Civil Rights activist Mark Allen dies at 58

Mark Allen

Civil rights activist for 44 years

By Chinta Strausberg

Funeral services are pending for 58-year-old activist Mark Allen who made his transition at 9:37 a.m. Saturday, September 12, 2020, at the University of Chicago Hospital with his family and friends by his bedside and just minutes after Rev. Jesse L. Jackson, Sr. prayed for him over the phone.

The Allen family had also called Saint Sabina’s Father Michael L. Pfleger who gave a prayer of thanksgiving “for his life” and strength for his brother, J. Minor Allen and sister, Michelle Allen-Marsh. His sister said her brother died of a heart attack.

His brother said while Mark, who is a father of two, died while in an induced coma Saturday morning. At his brother’s bedside besides himself, he was surrounded by his family and friends including his sister, his son, Marcus Allen, his aunt, Patricia Barnette and her daughter Erin Dawn Barnette, cousins Floanda Allen, Derrick Allen and Richard Allen Jr. and his long-time friend, Rev. James Anyike.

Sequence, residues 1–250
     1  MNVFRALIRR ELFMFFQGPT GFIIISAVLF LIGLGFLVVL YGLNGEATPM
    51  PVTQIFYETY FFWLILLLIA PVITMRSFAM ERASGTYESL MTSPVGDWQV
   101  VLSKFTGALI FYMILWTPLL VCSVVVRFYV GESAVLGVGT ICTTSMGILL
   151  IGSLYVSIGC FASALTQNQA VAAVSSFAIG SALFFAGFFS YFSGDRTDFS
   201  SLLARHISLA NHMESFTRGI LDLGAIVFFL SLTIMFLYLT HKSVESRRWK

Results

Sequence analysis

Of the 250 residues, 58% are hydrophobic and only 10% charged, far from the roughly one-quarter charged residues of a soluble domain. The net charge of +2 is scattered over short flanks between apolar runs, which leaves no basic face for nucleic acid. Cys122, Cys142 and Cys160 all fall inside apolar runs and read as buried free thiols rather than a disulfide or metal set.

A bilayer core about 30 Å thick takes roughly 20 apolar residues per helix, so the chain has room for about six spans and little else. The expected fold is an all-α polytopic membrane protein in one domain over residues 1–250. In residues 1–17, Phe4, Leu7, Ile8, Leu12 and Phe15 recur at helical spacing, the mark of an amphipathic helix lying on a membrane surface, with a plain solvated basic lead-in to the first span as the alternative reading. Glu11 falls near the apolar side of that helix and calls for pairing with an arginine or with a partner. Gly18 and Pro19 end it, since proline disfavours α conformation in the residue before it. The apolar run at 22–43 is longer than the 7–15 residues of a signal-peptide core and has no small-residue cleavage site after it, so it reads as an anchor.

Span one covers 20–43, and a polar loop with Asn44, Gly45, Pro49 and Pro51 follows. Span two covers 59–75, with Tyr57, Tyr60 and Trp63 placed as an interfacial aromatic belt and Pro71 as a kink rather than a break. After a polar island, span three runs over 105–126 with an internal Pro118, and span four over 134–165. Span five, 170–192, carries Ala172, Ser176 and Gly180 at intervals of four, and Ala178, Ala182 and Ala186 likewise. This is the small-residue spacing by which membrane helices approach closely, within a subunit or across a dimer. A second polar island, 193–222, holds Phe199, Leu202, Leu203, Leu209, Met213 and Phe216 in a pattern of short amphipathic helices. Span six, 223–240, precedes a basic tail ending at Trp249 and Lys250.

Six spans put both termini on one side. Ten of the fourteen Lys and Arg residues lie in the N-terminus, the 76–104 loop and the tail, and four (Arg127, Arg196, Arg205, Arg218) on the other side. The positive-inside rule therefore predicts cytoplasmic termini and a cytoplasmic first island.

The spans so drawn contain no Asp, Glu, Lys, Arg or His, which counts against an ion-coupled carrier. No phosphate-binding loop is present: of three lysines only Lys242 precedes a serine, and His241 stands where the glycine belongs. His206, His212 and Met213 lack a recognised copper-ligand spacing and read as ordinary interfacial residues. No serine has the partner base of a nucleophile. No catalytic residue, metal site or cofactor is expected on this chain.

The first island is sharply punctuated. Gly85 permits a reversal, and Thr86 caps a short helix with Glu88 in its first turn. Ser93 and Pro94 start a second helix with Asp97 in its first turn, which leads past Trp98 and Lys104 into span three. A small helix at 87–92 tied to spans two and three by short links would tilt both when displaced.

Later, speaking to dozens of Rainbow PUSH Coalition volunteers, Rev. Jackson said a prayer for Mark Allen thanking him for once being his national field director.

Thanking Rev. Jackson and Father Pfleger for their prayers, J. Minor Allen said, “Mark was in an induced coma so they could work on him. He had a pulse and a heart beat,” his brother told this reporter. “The doctors stabilized his heart. That is when I thought my brother would make it. He didn’t.

“The problem is nobody knows how long Mark was unconscious…one or two hours,” his brother recounted. “My brother was without oxygen for a long time,” he said referring to Friday, September 11, 2020, when he kept calling Mark and finally asked a friend who lived close by his office to make a security check.

“I knew something was wrong because Mark didn’t do his show (“Can You Hear Me” that aired on the late Rev. Leon Finney’s Urban Broadcast Media (UBM) Network).”

The last time he spoke to Mark was about 11:30 a.m. Friday morning He was going to pick up his brother and take him to Gatling’s Chapel for the funeral of Ramon Senior Wade, the father of radio personality Ramonski Luv, that was held from 3 p.m. to 5 p.m.

Having a key to Mark’s office, when his brother’s friend entered Suite 203, Mark Allen, chairman, president and CEO of National Black Wall Street Chicago he launched 13 years ago was found slumped over his desk unresponsive.